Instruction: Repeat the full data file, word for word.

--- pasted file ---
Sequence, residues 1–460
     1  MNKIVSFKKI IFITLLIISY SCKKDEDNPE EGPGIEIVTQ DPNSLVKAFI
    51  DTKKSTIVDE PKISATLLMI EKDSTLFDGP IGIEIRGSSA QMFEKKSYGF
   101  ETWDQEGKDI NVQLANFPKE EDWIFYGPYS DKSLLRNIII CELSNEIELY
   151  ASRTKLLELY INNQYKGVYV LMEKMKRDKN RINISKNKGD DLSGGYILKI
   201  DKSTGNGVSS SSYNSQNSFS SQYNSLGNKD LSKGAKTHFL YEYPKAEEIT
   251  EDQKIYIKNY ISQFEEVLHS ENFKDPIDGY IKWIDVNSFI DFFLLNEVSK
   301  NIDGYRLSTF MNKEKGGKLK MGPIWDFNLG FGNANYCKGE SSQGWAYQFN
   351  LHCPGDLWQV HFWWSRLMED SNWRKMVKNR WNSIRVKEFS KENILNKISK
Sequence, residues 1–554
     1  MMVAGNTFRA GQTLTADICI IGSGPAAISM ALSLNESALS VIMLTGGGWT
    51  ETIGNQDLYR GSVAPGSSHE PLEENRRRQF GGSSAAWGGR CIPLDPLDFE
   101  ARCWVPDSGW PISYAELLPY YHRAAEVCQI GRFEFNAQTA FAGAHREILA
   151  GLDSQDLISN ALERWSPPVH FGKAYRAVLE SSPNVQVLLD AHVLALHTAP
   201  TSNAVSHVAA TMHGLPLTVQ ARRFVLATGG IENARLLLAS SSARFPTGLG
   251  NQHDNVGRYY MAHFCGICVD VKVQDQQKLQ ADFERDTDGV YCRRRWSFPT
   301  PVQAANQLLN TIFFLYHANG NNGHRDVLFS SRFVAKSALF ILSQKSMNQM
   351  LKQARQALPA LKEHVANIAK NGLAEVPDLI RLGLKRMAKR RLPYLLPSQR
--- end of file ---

Sequence, residues 1–460
     1  MNKIVSFKKI IFITLLIISY SCKKDEDNPE EGPGIEIVTQ DPNSLVKAFI
    51  DTKKSTIVDE PKISATLLMI EKDSTLFDGP IGIEIRGSSA QMFEKKSYGF
   101  ETWDQEGKDI NVQLANFPKE EDWIFYGPYS DKSLLRNIII CELSNEIELY
   151  ASRTKLLELY INNQYKGVYV LMEKMKRDKN RINISKNKGD DLSGGYILKI
   201  DKSTGNGVSS SSYNSQNSFS SQYNSLGNKD LSKGAKTHFL YEYPKAEEIT
   251  EDQKIYIKNY ISQFEEVLHS ENFKDPIDGY IKWIDVNSFI DFFLLNEVSK
   301  NIDGYRLSTF MNKEKGGKLK MGPIWDFNLG FGNANYCKGE SSQGWAYQFN
   351  LHCPGDLWQV HFWWSRLMED SNWRKMVKNR WNSIRVKEFS KENILNKISK
Sequence, residues 1–554
     1  MMVAGNTFRA GQTLTADICI IGSGPAAISM ALSLNESALS VIMLTGGGWT
    51  ETIGNQDLYR GSVAPGSSHE PLEENRRRQF GGSSAAWGGR CIPLDPLDFE
   101  ARCWVPDSGW PISYAELLPY YHRAAEVCQI GRFEFNAQTA FAGAHREILA
   151  GLDSQDLISN ALERWSPPVH FGKAYRAVLE SSPNVQVLLD AHVLALHTAP
   201  TSNAVSHVAA TMHGLPLTVQ ARRFVLATGG IENARLLLAS SSARFPTGLG
   251  NQHDNVGRYY MAHFCGICVD VKVQDQQKLQ ADFERDTDGV YCRRRWSFPT
   301  PVQAANQLLN TIFFLYHANG NNGHRDVLFS SRFVAKSALF ILSQKSMNQM
   351  LKQARQALPA LKEHVANIAK NGLAEVPDLI RLGLKRMAKR RLPYLLPSQR